“And with nails, drops from their hearts. they carried their name across mountain paths and white roads to far away cities” – J.Lavrencic
The birth and development of Kropa is intimately entwined with iron, fire and water. During the late middle ages, an iron settlement was established on land owned by the noble Ortenburg family next to a seasonal torrential stream running through a narrow ravine beneath the Jelovica plateau – an area rich with iron ore and abundant forests.
The oldest archeological remains from the region date from the period of antiquity, however, there is no proof a permanent settlement existed before the 13th and 14th centuries when the Ortenburgs began to encourage mining activities in thé area, the construction of a smelting furnace and colonisation. During this period, Kropa iron workers smelted iron ore in the Slovenska pe¢ or the ‘Slovenian Furnace’ located near the source of the Kroparica stream.
From ore to nails
Ownership of Kropa was transferred to the Habsburg imperial family in the second half of the 15th century. Over the next hundred years Kropa’s iron industry took shape, centred around two furnaces, an ‘upper’ one at the the southern end of the town and a ‘lower’ one further north as iron workers, miners, charcoal-burners, blacksmiths and freight era Kaas) began to create the town’s story from ore to nail. In 1550, the future emperor Ferdinand I awarded Kropa special mining and iron-working privileges, elevating the settlement to an independent iron community under the direct administration of the emperor and headed by a mining-ironworks magistrate.
Kropa achieved the summit of its development in the 18th and in the first half of the 19th centuries. Kropa’s ironworkers transported the nails they made (in more than 100 different types and sizes) mostly over the Jelovica plateau, Selca Valley and beyond through the Baca ravine to the northern Adriatic seaports. Nails made in Kropa were well known and highly regarded across the entire Mediterranean region. As the local economy grew the region’s population increased. The lifestyle, cuisine, customs, habits, language and even dialect of the settlement’s residents were intimately connected with the day-to-day needs of the iron industry. During this period the architectural character of the town centre as we know it today was definitively formed.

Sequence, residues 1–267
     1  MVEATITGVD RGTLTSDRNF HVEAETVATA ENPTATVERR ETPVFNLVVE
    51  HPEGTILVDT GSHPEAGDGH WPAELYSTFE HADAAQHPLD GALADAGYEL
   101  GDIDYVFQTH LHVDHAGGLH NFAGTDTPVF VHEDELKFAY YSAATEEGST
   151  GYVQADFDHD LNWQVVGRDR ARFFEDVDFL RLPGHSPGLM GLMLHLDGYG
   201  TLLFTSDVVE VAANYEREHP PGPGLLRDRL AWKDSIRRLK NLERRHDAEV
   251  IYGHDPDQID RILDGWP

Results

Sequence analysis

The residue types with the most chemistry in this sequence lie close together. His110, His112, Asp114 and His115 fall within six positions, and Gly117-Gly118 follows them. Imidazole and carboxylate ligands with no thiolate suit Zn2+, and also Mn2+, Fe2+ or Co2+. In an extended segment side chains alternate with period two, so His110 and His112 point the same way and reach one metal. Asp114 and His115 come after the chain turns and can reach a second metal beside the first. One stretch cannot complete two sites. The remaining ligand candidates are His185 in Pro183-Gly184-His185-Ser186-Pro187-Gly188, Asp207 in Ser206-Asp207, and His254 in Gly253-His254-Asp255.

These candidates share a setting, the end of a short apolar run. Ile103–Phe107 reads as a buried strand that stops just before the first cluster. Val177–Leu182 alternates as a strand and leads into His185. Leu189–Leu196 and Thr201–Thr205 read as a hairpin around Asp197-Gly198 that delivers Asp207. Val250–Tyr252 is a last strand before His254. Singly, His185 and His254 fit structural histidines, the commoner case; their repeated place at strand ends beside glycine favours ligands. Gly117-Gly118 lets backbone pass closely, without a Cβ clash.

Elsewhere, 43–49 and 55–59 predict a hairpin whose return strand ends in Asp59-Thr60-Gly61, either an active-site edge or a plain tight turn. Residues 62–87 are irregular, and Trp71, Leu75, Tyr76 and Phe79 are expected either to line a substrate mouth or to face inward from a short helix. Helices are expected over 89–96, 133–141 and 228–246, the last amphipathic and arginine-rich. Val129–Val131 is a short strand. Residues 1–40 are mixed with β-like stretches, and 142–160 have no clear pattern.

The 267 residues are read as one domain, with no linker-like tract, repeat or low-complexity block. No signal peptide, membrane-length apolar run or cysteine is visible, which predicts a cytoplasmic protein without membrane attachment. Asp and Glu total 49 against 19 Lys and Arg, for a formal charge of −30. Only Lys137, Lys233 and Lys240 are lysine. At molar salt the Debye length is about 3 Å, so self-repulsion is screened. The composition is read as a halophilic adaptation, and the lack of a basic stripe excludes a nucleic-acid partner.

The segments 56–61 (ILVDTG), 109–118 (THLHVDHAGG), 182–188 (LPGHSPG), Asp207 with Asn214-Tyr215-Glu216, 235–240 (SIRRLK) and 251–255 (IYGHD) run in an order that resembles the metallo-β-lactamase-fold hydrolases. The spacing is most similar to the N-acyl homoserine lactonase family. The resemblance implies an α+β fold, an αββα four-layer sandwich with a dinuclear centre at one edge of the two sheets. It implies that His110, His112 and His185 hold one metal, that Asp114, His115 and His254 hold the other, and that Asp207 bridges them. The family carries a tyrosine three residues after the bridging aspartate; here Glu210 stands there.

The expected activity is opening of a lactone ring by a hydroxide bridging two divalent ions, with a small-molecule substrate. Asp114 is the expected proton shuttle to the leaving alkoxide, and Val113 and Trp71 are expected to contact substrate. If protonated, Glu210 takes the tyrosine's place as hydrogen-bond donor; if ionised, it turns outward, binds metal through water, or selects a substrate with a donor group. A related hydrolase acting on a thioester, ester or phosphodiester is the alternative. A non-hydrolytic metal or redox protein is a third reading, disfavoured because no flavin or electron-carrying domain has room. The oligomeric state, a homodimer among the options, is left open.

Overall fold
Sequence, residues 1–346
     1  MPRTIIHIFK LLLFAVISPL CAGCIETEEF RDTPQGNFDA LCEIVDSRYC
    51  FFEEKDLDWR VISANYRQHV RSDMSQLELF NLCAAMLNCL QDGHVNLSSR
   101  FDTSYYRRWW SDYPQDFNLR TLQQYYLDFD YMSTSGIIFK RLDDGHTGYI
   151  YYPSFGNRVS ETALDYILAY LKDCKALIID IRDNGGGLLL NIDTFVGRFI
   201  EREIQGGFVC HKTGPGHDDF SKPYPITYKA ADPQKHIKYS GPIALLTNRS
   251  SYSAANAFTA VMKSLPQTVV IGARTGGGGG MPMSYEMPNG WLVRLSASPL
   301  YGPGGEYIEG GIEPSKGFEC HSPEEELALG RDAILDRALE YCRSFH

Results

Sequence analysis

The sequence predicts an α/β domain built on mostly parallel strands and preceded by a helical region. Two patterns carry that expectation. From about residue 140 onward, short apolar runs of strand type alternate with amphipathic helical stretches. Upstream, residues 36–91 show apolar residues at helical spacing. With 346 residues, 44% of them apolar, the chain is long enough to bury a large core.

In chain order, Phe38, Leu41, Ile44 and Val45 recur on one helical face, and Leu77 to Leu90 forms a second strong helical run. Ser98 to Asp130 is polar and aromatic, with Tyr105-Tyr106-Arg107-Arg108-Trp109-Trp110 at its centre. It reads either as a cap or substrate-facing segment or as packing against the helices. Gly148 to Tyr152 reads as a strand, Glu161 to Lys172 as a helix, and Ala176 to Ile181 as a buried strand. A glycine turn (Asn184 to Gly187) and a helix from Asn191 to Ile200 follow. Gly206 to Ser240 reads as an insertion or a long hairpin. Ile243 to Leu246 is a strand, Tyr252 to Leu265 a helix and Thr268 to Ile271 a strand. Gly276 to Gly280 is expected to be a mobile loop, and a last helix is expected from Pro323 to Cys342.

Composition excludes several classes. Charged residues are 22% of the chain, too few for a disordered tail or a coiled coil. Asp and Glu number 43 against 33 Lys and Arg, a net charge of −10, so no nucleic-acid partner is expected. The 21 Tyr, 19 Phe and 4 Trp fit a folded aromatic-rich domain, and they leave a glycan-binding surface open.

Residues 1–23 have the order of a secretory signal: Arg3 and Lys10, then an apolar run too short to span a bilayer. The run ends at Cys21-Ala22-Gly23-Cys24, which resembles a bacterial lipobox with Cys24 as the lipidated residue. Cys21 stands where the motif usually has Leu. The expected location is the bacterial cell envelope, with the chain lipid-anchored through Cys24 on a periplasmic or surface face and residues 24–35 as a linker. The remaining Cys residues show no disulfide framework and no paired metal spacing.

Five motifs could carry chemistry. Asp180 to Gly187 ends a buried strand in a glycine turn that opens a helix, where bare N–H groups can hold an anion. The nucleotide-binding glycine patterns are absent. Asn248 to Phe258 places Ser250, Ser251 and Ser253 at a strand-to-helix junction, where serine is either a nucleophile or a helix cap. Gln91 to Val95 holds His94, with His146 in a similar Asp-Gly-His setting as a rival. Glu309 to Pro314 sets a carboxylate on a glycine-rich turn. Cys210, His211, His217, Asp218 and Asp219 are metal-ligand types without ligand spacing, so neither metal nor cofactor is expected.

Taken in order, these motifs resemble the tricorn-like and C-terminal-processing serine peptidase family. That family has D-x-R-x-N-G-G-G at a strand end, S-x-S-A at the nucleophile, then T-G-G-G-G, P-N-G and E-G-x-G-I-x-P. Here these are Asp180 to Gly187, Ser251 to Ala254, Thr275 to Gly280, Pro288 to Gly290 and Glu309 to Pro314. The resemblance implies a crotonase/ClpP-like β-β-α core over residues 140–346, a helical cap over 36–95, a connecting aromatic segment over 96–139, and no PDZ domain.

This prosperity was followed by a prolonged crisis with the decline of the traditional iron industry after 1860. The aging smelting furnaces, distance from the nearest railroad and raw material sources, were not able to compete with foreign machine-made nails.
In contrast to the economic decline, this was also a period of cultural and national political rebirth, as schools, public reading rooms and amateur singing and drama groups were established. In 1894, a handful of former high-level iron workers, land owners and other local businessmen, and blacksmiths founded a nail manufacturing co-operative. After moving to industrial manufacturing, the Zadruga (later Plamen ).
This Nail Co-operative halted the economic decline in Kropa and in the neighbouring regions, and continued the iron-working tradition.
A National Treasure
In 1953, Kropa’s town centre became the first area in Slovenia to be protected by law as a cultural and historical monument of national significance.